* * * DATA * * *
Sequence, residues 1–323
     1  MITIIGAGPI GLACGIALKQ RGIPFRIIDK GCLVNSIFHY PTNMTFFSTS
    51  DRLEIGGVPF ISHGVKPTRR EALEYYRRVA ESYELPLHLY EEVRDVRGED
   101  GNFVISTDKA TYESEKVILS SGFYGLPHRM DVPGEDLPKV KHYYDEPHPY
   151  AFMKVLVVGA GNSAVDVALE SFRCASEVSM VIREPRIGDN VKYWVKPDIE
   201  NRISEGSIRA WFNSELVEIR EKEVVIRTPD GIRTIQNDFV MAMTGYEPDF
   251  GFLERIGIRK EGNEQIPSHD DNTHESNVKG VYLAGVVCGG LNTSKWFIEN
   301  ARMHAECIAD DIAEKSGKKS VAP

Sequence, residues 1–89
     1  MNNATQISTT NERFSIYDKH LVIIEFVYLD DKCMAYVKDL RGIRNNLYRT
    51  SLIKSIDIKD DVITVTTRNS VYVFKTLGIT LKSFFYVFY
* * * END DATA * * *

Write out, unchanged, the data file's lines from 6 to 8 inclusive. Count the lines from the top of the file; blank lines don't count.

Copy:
   201  NRISEGSIRA WFNSELVEIR EKEVVIRTPD GIRTIQNDFV MAMTGYEPDF
   251  GFLERIGIRK EGNEQIPSHD DNTHESNVKG VYLAGVVCGG LNTSKWFIEN
   301  ARMHAECIAD DIAEKSGKKS VAP